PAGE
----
Image: Henri Matisse, Blue Nude, Memory of Biskra (1907)

31 commentaires:

  1. Utterly fascinating interview, thanks so much for sharing it with us. I'm very much looking forward to smelling Nuit de Tubereuse (whenever it gets to the US, that is...)

  2. I'm cheating...I'm going to comment on the review of NdT first, before plunging into the interview...because I am loving the idea of a tuberose brought down to (into? revealing?) earth. Fracas is a commotion on me...TC a knowing wink...Carnal Flower hedonistic...but none really work for *me.* (A bold statement among perfumistas, I know...just saying, none speak to me personally.) I will definitely be seeking out NdT for a run around the track.

    Okay, on to the interview...these are always such a treat!

  3. Muse, it was a pleasure conversing with Bertrand who is, I must say, a refreshingly straightforward interviewee!

  4. ScentScelf, I love all of those classics but NdT is in a class of its own.

  5. ::drool::

    That is all.

    Any idea when we'll be getting this in the states? I'm going to need to sniff this toute de suite.

  6. Wow, very nice interview and write-up, D.

    Part Deux, please!!!


  7. Hi, Denyse. Fascinating review and interview. I sincerely hope we get this in the US soon -- L'Artisan distribution in the US has seemed a bit erratic recently.

    I was very interested to read Monsieur Duchaufour's thoughts on how his style is changing, and how just the act of working more closely with raw materials (as well as with better raw materials) is transforming his approach.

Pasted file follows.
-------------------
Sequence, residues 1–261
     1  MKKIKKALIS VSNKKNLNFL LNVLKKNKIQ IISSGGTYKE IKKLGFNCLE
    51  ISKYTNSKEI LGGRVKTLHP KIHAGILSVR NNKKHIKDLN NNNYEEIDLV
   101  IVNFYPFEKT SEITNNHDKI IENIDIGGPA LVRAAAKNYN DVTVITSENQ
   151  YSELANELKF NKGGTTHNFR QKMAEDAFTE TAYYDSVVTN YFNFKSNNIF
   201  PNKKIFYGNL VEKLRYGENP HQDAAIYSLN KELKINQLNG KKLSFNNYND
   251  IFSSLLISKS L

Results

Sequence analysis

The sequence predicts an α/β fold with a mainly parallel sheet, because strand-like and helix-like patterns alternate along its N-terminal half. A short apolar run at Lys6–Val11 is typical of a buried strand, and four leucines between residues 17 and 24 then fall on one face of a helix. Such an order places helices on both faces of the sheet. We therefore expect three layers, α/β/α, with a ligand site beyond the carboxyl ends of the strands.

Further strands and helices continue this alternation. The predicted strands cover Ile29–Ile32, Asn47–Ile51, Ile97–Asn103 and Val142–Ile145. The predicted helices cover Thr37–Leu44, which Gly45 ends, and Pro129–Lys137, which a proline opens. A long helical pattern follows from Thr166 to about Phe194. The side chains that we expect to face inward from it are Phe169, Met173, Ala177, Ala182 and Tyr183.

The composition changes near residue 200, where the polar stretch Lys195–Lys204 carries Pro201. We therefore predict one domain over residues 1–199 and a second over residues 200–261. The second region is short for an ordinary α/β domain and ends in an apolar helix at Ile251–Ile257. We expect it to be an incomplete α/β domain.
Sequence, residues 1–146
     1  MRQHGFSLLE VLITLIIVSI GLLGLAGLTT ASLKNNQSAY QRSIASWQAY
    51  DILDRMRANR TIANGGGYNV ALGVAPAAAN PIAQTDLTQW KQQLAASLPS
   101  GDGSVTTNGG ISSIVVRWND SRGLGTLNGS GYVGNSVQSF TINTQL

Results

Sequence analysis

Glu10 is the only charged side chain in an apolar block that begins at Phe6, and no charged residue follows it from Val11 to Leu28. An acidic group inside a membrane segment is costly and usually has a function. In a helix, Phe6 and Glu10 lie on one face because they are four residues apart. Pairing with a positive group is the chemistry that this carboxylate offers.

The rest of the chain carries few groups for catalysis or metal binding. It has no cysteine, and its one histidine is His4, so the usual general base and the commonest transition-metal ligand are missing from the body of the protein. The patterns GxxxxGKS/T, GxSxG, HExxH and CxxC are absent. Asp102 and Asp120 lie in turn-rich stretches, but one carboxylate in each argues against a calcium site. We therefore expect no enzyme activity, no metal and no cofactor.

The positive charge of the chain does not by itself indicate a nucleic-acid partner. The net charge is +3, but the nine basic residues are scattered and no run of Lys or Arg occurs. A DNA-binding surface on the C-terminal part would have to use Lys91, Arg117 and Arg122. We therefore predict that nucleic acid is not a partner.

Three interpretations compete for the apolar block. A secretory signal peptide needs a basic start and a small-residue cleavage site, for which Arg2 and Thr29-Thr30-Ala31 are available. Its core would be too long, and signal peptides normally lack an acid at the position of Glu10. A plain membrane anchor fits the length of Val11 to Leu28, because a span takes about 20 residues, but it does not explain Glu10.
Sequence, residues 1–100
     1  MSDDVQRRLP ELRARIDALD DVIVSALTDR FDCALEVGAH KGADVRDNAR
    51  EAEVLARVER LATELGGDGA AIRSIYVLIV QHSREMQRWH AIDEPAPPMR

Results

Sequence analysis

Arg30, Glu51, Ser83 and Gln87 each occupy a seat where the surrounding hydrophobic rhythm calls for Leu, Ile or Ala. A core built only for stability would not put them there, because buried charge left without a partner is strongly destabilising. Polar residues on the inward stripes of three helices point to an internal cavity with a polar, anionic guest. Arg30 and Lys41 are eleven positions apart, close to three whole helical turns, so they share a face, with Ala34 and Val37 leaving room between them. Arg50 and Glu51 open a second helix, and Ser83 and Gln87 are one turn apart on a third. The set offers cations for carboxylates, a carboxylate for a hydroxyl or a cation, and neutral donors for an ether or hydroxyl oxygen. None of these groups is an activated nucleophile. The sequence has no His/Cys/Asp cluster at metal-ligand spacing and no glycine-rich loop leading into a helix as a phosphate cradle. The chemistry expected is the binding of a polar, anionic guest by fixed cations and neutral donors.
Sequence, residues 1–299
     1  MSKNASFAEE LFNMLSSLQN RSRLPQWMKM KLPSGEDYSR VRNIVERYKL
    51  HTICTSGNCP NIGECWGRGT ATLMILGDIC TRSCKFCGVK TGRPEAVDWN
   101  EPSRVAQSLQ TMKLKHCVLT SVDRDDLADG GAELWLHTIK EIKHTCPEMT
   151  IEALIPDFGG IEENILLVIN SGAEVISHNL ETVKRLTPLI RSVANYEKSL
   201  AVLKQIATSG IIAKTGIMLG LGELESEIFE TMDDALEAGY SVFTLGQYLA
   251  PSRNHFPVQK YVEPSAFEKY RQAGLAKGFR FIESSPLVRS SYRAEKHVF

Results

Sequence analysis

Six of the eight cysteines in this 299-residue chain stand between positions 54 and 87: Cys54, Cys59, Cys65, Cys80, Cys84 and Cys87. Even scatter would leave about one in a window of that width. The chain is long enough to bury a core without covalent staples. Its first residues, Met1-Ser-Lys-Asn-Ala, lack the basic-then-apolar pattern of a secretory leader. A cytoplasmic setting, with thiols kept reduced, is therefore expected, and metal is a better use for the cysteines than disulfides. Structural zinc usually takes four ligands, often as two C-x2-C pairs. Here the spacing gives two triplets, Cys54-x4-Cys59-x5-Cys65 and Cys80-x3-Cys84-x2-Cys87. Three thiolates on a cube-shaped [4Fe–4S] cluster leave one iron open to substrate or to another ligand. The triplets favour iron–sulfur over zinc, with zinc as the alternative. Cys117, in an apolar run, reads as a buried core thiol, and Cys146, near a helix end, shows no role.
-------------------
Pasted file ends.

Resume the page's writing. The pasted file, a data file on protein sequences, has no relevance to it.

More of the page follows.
And yes, tuberose absolute has some rather disturbing olfactory facets, compared to the fresh flower!

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  9. Denyse -- Finally! After reading your interview with Duchaufour, I understand the first thirty minutes of JAR Bolt of Lightning: vegetal, rotting, stalky, mineralish.

    I could never quite figure out what all that had to do with tuberose, but now I know that this is what a hefty dose of tuberose absolute brings to the picture.

    I'm very curious as to what Duchaufour has done with his tuberose, and I'm wondering if Bolt of Lightning even registers on your list of tuberose fragrances you admire/love . . . ?

  10. Jarvis, it's been so noticeable of late... I find that approach very interesting in that it exhibits the structures of the composition process (apart from the fact that the stuff just plain smells great).

  11. Nathan, I'm afraid JAR isn't on my radar. Somehow the idea of going through that JAR boutique ceremony puts me off, in the same way I don't enjoy theatre much. I like to set my own pace, on my own terms.

  12. As we've discussed in the past, I do like this approach of deconstructing the multiple facets of the natural, accentuating certain aspects, and reconstructing up again. It's not just about deconstruction, because the pieces get put back together in interesting and beautiful ways.